Top 10 Foreign Movies of 2011

Top Foreign Films of 2011
2011 is fast approaching it's final hour of glory that culminates with the glitz, events and celebrations, to bid farewell to a glorious year and hoping for a better one next. Before the eventful year is wrapped up, we’re looking back at the best cinematic achievements from the world of foreign cinemas in 2011.


The Raid (Indonesia)

Starting the countdown is, The Raid, a big-budget action epic from Indonesia starring the martial arts sensation Iko Uwais. The movie is about a SWAT team trapped in an apartment building situated amidst the slums of Jakarta, that is now home to the most dreaded criminals of Indonesia. Though one would expect a Top 10 Foreign Films list to largely contain movies about human sensibilities and intricate dramas, The Raid blew me away with it's intense and non-stop heart pounding action not often witnessed outside the world of big-budget Hollywood blockbusters. The folks at TIFF 2011 definitely agree as The Raid won the Cadillac People’s Choice Midnight Madness Award.


Bullhead/Rundskop (Belgium)

Written and directed by Michael R. Roskam, Rundskop (Bullhead) plays like a stylish noir-crime thriller that is in a league of it's own. The movie was premiered recently at the Austin Fantastic Film Festival and won the awards for Best Actor, Best Film and Best Director. Belgium also obliged as it's official submission to the Oscars, but it remains to be seen whether it will get the Oscar nod. Matthias Schoenaerts as Jacky Vanmarsenille gives a tour-de-force reminiscent of a tragic greek anti-hero, and  Michael R. Roskam's remarkable direction makes it a masterful character study and a brilliant neo-noir cinematic experience, rarely seen from the land of Flanders. [Full Review]


Footnote (Israel)

An Israeli drama about the power struggle between a son and father, both teaching at the eccentric Talmud department of Hebrew University in Jerusalem, captured attention at the 2011 Cannes Film festival winning the Best Screenplay Award as well as a Palme d'or nomination for writer-director Joseph Cedar. At home, the movie won an impressive 9 Ophir awards (Israel's equivalent of the Academy Awards). Footnote is Israel's official submission to the 84th Academy Awards. Footnote, with its intricate and well-constructed plot, along with brilliant performances by the lead Shlomo Bar-Aba and  Lior Ashkenazi might do the trick with the Oscar jury.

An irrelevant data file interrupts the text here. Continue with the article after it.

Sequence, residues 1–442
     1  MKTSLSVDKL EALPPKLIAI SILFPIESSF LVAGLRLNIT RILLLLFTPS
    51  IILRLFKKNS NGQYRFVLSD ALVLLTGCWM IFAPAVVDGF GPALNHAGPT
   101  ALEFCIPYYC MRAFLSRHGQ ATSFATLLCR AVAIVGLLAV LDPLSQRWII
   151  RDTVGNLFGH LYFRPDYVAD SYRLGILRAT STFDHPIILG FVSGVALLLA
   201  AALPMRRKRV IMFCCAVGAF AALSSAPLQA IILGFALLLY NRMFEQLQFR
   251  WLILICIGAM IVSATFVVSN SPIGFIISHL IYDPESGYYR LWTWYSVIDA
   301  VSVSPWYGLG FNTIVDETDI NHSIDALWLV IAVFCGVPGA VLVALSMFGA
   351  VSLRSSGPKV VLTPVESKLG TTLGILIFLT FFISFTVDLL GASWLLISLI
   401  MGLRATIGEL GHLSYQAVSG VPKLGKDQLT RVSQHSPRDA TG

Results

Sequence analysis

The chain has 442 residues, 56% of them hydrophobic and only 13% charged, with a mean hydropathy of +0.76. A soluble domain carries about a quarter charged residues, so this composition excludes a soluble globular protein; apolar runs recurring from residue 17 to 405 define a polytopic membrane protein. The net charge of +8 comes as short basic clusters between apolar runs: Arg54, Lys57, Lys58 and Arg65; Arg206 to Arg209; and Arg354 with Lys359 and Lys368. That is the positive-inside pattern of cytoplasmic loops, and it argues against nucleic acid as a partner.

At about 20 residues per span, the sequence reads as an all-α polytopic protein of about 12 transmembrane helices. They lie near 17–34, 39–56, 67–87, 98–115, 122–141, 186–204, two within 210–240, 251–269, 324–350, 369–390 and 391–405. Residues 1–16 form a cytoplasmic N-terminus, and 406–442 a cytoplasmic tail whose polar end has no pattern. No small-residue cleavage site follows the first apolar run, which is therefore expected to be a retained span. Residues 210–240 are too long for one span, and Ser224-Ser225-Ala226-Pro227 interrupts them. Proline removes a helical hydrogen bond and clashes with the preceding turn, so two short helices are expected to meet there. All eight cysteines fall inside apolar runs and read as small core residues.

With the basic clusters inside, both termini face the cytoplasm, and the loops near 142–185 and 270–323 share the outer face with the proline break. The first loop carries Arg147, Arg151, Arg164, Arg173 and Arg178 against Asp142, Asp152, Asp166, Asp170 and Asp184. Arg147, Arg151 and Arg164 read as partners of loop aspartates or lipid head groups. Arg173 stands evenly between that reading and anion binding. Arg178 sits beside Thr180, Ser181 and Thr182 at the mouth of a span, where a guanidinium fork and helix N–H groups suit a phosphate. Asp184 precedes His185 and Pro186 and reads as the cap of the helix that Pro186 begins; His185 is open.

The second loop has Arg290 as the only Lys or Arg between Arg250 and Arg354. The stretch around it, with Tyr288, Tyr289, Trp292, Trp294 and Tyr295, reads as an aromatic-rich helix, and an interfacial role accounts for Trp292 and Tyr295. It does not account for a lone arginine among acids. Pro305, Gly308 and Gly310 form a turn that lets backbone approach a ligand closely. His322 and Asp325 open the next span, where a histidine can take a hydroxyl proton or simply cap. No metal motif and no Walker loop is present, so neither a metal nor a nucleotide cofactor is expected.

Polisse (France)

A hard-gripping French cop drama film written and directed by Maïwenn, who also stars as Melissa, a photo-journalist commissioned with Paris's Child Protection Unit at the request of the Interior ministry. Polisse presents an impressively detailed portrayal of officers serving in the unit as they deal with their personal issues, frustrating bureaucratic dictum, and tragic/comic tales of troubled children presented in all it's intensity and rawness. Rap-star Joey Starr is impressive in his performance as Fred, a tough wiry cop, also Melissa's romantic interest.  Polisse has won the Grand Jury Prize at the 2011 Cannes Film Festival, as well as a encouraging Palme d'Or nomination for Maïwenn.


The Skin I Live In (Spain)

Pedro Almodóvar, the most internationally well known Spanish director of our times, has yet again managed to push the boundaries of conventional film making. His eagerly anticipated latest offering starring Antonio Banderas and Elena Anaya, The Skin I Live In (La Piel Que Habito) is a dark and intense suspense-thriller with the soul of art-house cinema, but with the visual candor of a mainstream presentation. The Skin I Live In (La Piel Que Habito) earned a Palme d’Or nomination for  Pedro Almodóvar at the 2011 Cannes Film Festival and was recently announced as a nominee in 2012 Golden Globes in the Best Foreign Language Film Category. [Full Review]


The Kid with a Bike (Belgium/France)